Is Red Sox’ Eric Hosmer DFA a potential lifeline for Bobby Dalbec?
Could Red Sox’ Eric Hosmer DFA put Dalbec back into the first-base picture?
Struggling Red Sox infielder Bobby Dalbec has had an offseason rife with rumors of his departure.
But now that Eric Hosmer has been designated for assignment, could Dalbec end up sticking around?
Dalbec has become somewhat like an appendix, in that he is without discernable purpose amidst the body of the Boston Red Sox. He burst on the scene in September of the forgettable 2020 season and contributed a 151 wRC+ in limited action. A sturdy right-handed slugger he hit 21 doubles and 25 home runs in 2021, but also struck out 156 times in 133 games.
However, Dalbec is a third baseman by trade but was converted to first base due to Rafael Devers. The former has neither impressed nor shown improvement on the right side of the infield and regressed offensively in 2022. He hit nine doubles and 12 home runs and struck out 118 times in 117 games, though he draw more walks. But whereas he’d been in the 88th percentile for barreled balls in 2021, he was in the 41st this year. His expected batting average (xBA) dropped from 23rd to eighth percentile, and his xSLG plummeted from 87th to 38th. The league average strikeout rate is 22.9%; his career rate is 34.9%, which puts him in the 2nd percentile. Between his 80 wRC+ and Franchy Cordero’s woeful numbers (92 wRC+), the offensive output at first was null and void. Cordero is gone, but Dalbec’s future is uncertain.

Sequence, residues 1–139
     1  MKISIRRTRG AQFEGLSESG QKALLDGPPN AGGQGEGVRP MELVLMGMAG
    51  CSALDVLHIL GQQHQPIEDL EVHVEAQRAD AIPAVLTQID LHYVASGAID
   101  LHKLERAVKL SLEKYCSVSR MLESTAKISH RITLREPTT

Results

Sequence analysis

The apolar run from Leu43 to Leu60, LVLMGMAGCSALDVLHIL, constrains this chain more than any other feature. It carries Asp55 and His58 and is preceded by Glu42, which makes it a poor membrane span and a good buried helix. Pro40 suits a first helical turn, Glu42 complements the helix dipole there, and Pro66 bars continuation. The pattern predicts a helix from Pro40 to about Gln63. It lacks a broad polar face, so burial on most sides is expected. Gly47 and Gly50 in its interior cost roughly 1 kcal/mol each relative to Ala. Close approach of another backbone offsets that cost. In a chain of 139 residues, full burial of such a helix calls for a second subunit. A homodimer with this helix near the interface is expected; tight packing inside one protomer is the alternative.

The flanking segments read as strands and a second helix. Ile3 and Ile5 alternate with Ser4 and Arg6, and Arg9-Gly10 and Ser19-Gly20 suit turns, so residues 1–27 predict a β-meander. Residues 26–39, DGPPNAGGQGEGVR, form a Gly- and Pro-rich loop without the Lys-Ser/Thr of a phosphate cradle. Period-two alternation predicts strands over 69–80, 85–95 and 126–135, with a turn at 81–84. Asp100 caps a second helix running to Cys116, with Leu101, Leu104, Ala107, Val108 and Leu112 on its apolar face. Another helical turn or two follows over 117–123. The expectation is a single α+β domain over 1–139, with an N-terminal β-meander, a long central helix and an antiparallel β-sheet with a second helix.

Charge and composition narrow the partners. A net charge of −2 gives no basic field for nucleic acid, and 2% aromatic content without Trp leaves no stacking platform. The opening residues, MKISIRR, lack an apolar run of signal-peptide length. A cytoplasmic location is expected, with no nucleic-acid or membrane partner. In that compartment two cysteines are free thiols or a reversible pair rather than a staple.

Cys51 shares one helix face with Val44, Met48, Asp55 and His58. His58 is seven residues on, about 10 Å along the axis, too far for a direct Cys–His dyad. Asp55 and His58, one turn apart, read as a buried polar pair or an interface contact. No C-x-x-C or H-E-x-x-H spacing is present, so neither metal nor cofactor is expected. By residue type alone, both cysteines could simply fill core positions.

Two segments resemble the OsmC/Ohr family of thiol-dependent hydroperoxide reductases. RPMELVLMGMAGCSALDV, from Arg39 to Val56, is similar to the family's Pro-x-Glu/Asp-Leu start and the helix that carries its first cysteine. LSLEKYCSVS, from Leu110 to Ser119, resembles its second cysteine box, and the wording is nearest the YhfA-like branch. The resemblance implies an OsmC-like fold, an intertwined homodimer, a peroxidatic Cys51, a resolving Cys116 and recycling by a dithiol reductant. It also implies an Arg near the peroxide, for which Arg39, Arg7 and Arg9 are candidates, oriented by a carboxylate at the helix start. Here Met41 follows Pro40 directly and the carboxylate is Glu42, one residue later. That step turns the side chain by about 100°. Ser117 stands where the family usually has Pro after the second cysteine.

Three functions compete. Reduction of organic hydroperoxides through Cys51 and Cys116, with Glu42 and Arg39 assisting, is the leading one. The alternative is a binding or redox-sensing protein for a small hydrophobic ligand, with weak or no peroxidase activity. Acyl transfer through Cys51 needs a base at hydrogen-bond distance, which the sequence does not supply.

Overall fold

The Red Sox, in a perplexing move, dumped Hosmer on Friday to open a roster spot for Wyatt Mills. It wasn’t about the money; the Padres were on the hook for that, so the Sox only have to pay him the league minimum each season for the remainder of his contract. Hosmer and Triston Casas are both left-handed-hitting first basemen, and Chief Baseball Officer Chaim Bloom made it clear they’re trying to clear a path for the rookie.
The move also created some wiggle room for Dalbec. He may have a hold card in his ability to play third base; familiarity does create a comfort zone. Devers’ status is unclear; the Sox either need to pay him or trade him. He becomes a free agent after the upcoming season, and the Sox cannot come out of this situation empty-handed. Hypothetically, a Devers trade would open third base for Dalbec and any minor-league talent with a modicum of promise.
Is Dalbec worth it? The 25 home runs in 2021 – many Statcast long-range drives – are difficult to forget. Unfortunately, the career 34.9 K% is impossible to overlook.
Dalbec is a run-killer with runners on and less than two outs, but as of now, he has a job. The Sox have made it clear he’s available for trade (the Tampa Bay Rays expressed interest), but it’s unclear what kind of return they can get for him. For now, the assumption is that he’ll share first-base duties with Casas. Manager Alex Cora delights in versatility and switching up the lineup card.
JD Martinez is officially a Los Angeles Dodger, so the Sox will have to look elsewhere for power. Dalbec could get some at-bats as DH, though he’s only done so nine times. Maybe he’ll come off the bench. At 27 years old, the days of hot prospects are in the rearview mirror, but in the strange world of Red Sox baseball, who knows what is going on in the internal metrics war room?
Dalbec is the kind of player a team would expose to an expansion draft, a prototypical 4A with a limited offensive skill set. For now, he has a lifeline with Hosmer gone. How long it exists will be of interest.